Choose this, not that: JFK Priority Pass lounge edition

Dec 7, 2019

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Editor’s note: This post has been updated to include two new Priority Pass lounge options. It originally published on Nov. 18 2019. 

Priority Pass membership can make your preflight experience a whole lot more enjoyable. The program unlocks access to more than 1,200 airport lounges in 143 countries and 500 cities worldwide. You can check out this guide to learn everything you need to know — which cards offer a free membership, guesting policies and more.

Although there’s definitely room for growth, most major airports in the U.S. and around the world now have multiple lounges accessible through Priority Pass, so you’ll often have to choose between them. Since the program doesn’t actually own or operate any of the lounges themselves, the quality can vary widely. Some lounges are little more than a small room with bottled water and pretzels; some are as good, if not better, than the lounges you can access if you’re flying in a premium cabin.

Today we’re going to look at how the options stack up at the nation’s sixth-busiest airport, New York’s John F. Kennedy (JFK). It’s home to six Priority Pass lounges, including a few of our favorite Priority Pass lounges in the U.S., and one Priority Pass restaurant. The airport’s eight terminals are connected by the Air Train, but you’ll need to exit security to use it so it’s not ideal to visit a lounge that’s in a terminal other than the one you’re flying out of.

Related: Choose this, not that: MIA Priority Pass lounge edition

(Note that the hours listed are the hours the lounges are available to Priority Pass members. A lounge may be open outside of those hours but will not admit members then. Additionally, for all these lounges, you must have a valid boarding pass and access may be restricted if the lounge is full.)

1. Primeclass Lounge

(Photo by Zach Griff/The Points Guy)
(Photo by Zach Griff/The Points Guy)

Location: Terminal 1, at the end of the main pier, between Gates 10 and 11

Hours: 5:30 a.m. — 10 a.m. Monday, Thursday and Sunday, 9 a.m. — 12 a.m. Tuesday, Wednesday, Friday and Saturday

Food and Beverage: Decent buffet consisting of various hot and cold dishes, such as pasta, soup, chicken and a salad bar. There are proper WMF coffee machines and other complimentary nonalcoholic drinks. Complimentary alcoholic drinks are limited to two per guest.

Amenities: Many different seating options, plenty of power and USB outlets and a shower, though the Wi-Fi is just OK. Read more about TPG’s experience visiting the lounge.

(Photo by Zach Griff/The Points Guy)
(Photo by Zach Griff/The Points Guy)

2. Air France Lounge

(Photo by Brendan Dorsey/The Points Guy.)

Location: Terminal 1, near Gate 1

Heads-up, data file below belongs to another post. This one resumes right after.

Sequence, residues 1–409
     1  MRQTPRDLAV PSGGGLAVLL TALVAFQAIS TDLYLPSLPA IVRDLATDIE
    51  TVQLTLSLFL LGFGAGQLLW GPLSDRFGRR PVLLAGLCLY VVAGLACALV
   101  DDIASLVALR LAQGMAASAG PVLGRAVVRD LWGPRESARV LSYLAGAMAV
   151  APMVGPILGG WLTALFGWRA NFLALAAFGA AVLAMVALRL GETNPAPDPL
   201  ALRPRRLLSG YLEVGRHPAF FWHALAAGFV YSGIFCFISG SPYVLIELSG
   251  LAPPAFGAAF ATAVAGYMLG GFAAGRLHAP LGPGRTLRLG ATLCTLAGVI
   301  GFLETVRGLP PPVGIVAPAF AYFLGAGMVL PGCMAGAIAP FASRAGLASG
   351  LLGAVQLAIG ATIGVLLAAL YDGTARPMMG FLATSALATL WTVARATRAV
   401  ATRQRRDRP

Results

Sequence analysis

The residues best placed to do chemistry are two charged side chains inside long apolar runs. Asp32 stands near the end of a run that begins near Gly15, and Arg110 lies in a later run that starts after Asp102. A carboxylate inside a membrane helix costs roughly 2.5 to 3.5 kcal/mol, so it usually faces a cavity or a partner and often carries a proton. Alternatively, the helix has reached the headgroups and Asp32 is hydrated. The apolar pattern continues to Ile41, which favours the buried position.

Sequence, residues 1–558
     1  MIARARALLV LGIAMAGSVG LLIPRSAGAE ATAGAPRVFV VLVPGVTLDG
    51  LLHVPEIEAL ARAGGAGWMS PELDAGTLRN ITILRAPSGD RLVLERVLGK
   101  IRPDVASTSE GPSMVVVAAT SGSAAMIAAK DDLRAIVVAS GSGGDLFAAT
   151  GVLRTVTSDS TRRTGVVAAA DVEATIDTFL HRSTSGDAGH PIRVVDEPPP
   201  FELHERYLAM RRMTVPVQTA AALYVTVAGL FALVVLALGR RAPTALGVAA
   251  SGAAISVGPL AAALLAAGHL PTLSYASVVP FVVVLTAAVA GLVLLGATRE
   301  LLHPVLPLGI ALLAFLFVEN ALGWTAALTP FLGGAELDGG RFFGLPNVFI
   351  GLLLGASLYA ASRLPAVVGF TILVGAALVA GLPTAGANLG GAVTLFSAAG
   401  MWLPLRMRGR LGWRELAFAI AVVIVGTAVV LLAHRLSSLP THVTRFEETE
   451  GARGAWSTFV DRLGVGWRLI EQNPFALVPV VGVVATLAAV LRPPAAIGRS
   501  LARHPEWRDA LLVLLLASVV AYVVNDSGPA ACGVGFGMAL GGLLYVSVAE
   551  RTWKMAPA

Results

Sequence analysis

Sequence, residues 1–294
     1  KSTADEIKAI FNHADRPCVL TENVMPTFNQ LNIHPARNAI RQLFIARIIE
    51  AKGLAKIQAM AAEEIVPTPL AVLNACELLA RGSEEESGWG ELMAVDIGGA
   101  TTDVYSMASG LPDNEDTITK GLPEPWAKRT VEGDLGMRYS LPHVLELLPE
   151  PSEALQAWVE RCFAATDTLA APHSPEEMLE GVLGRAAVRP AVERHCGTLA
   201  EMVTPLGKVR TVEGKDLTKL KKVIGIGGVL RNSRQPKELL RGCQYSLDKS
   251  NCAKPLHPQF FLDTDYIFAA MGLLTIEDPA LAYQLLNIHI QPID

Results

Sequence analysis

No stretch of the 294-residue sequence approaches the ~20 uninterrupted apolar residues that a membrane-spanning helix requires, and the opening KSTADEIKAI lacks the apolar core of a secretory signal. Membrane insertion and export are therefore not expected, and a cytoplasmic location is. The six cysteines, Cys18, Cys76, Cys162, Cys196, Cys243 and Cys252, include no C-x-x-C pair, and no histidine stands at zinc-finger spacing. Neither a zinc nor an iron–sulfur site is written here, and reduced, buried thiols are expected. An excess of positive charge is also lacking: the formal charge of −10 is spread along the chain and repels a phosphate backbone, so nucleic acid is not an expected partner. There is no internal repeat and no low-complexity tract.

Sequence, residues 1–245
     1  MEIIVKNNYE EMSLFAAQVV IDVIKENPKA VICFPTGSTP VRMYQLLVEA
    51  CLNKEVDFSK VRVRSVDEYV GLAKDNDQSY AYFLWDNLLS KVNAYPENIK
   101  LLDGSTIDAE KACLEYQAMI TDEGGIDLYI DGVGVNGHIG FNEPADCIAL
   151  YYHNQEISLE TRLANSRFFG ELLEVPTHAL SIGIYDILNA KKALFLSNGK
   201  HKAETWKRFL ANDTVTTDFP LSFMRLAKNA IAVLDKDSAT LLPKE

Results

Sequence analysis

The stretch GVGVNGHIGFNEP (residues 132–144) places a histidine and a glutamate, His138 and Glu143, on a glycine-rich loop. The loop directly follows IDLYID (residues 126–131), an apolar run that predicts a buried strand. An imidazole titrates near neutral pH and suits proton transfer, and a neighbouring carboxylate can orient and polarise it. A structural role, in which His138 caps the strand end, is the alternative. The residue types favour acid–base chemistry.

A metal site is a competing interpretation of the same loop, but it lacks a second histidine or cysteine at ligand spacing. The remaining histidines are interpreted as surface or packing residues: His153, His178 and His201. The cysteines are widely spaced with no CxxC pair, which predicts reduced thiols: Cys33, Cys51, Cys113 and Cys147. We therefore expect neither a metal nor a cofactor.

Hours: 8 a.m. — 1 p.m. and 11 p.m. — 12:30 a.m.

Food and Beverage: Buffet consisting primarily of cold foods like sandwiches, salads and cold cuts. There is also a self-serve bar with several types of liquors, beers, wines and soft drinks.

Amenities: This lounge offers plenty of seating, good Wi-Fi, a decent number of power outlets and showers. Although the lounge has a spa, Priority Pass members do not have access. Read more about TPG’s experience visiting the lounge.

(Photo by Nick Ellis/The Points Guy.)

3. Alaska Lounge

(Photo by Brendan Dorsey/The Points Guy.)

Location: Terminal 7 on the Mezzanine Level

Hours: 5 a.m. — 9 p.m. Sunday to Friday, 5 a.m. — 5 p.m. Saturdays

Food and Beverage: Complimentary snacks like hard-boiled eggs, bagels, Greek yogurt and pancakes in the mornings; soups, salads and cookies in the afternoon. Also included is a coffee bar with made-to-order Starbucks beverages and non-premium alcohol. Made-to-order meals and premium alcoholic drinks are available for purchase.

Amenities: This lounge offers loads of power outlets, fast Wi-Fi and fantastic views of the tarmac. Check out TPG’s full tour of the lounge.

(Photo by Brendan Dorsey/The Points Guy.)
(Photo by Brendan Dorsey/The Points Guy.)

4. Wingtips Lounge

(Photo by Christian Kramer/The Points Guy.)

Location: Terminal 4, about 300 feet past the security checkpoint, on the left

Hours: 3 p.m. – 8 p.m.

Food and Beverage: Hot and cold foods such as barbecue chicken, roasted vegetables and a salad bar. There’s also a self-serve bar with all the basics when it comes to beer, wine and spirits.

Amenities: Decent amount of seating, easily accessible power outlets in some parts of the lounge and complimentary Wi-Fi. Read more about TPG’s experience visiting the lounge.

Liquor selection at the Wingtip Lounge at New York JFK, a Priority Pass lounge.
(Photo by Julian Kheel/The Points Guy.)

5. Air India Maharaja Lounge

(Photo courtesy of Priority Pass)

Location: Terminal 4, near Gate 5

Hours: 5:30 a.m. — 12:55 a.m.

Food and Beverage: Small buffet consisting of several hot dishes such as samosas and chicken curry and cold snacks like dips and fruit.There’s also a modest self-serve bar.

Amenities: This lounge recently got a slight refresh. It offers a fair amount of seating, solid Wi-Fi, and easily accessible power outlets, but only if you’re sitting along the walls.